Bloggers and fashion designers have a lot in common. For every one that is real and successful, there are millions of other ones that are fakes and wannabes. With so many bloggers out there in the endless abyss that is the internet, how are we supposed to know which bloggers are worth our time and money? There are some bloggers that are easy to eliminate out of the running. They receive no comments, they make a lot of editing errors, or do not post photos. But then there are some amazing bloggers that just don’t have a following yet. While those bloggers could be perspective bloggers, you need the ones that can help your clients now. Here are some ways to find your needle in the haystack.


Consistency matters in this industry. You don’t want to hire a blogger who is flaky and not going to take your deadline seriously. You want someone whose posting frequency ranges from daily to weekly, and while having a preferred niche to write about, also be relatively versatile. For example, if they are a New York City fashion blogger, they should be posting about their favorite outfits best for the city throughout the year, and even outfits for vacations! New Yorkers leave the city, too! But if you see them posting about random things that interest them but not their readers, they may not be as focused as you need them to be.


If they don’t know what a media kit is, then they don’t take themselves seriously. A media kit shows you everything you need to know about the blog in a quick and easy format.  For instance, it will encompass all of the press they have received, facts about the writer and their blog, their blog statistics, and their outreach. They need to take themselves seriously as a business so you can take them seriously, too!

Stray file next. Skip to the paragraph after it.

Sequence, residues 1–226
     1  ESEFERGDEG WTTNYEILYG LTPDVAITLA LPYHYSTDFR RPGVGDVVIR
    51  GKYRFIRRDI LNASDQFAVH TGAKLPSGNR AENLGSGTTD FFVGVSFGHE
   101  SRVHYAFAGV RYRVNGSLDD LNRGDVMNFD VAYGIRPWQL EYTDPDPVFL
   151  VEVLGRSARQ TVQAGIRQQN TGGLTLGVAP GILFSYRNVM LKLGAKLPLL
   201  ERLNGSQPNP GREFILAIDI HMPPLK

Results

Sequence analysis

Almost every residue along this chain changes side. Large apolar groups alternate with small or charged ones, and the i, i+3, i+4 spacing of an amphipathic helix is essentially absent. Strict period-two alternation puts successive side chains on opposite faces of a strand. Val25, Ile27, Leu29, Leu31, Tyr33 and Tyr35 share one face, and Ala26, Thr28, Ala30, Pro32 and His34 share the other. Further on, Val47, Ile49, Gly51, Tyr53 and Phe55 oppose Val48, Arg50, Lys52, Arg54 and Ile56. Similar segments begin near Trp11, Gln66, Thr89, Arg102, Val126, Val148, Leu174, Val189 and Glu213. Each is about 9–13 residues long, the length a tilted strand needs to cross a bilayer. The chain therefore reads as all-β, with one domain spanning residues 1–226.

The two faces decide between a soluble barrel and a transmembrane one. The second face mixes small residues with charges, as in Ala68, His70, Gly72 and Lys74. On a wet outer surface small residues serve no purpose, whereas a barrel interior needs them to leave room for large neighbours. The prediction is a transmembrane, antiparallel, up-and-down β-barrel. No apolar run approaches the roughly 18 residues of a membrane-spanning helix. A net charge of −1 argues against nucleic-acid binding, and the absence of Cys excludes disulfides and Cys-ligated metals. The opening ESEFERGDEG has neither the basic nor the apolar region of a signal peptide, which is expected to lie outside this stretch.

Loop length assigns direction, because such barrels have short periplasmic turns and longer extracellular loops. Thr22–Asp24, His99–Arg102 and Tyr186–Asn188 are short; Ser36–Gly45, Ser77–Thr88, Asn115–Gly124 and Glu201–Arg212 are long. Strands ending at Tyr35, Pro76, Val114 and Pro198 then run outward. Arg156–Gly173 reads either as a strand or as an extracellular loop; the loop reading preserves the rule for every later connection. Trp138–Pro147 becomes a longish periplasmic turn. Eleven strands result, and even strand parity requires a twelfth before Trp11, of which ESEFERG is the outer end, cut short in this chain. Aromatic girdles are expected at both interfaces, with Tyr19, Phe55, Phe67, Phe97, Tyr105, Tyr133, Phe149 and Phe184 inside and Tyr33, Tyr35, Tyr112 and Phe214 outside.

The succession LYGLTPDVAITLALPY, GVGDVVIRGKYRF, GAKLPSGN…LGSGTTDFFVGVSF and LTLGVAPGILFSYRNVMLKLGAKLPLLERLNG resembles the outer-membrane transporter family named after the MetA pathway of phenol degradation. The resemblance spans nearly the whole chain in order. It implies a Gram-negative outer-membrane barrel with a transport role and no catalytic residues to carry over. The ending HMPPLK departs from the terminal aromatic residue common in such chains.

Sharing is everything in this industry. It’s important that they have a strong following but it’s also important that their followers retweet to their followers! Why? Because the blogger could tweet it out to their 10,000 followers, but then if one follower retweets it, they can tweet it out to another 10,000 followers, and so on. On Facebook, your bloggers’ goals are to get a high amount of shares and likes. On Twitter, your goals are to get a high amount of favorites and retweets. And on Pinterest, you want to get a lot of hearts and re-pinning, especially because pins spread like wildfire and are great for fashion and lifestyle brands. Your pins are linked directly to the product so it leads the consumer directly to the page to buy it!


While followers and the amount of retweets are important, in this case, quality is more important than quantity. There are some bloggers who post a lot, have a lot of followers, and get an adequate amount of purchases from their publicity, which eventually adds up to impressive figures. But if the blogger has the impact to sell the same amount of merchandise with just one tweet with less followers, they have a stronger impact and they are the blogger you are looking to hire.


In the end, you will probably work with multiple bloggers for many clients and will learn that as long as they are responsible and trustworthy, that the press will help your client regardless. As long as you pick a blogger that loves the brand and will respect its clientele, you should have a lot of fun working with your bloggers.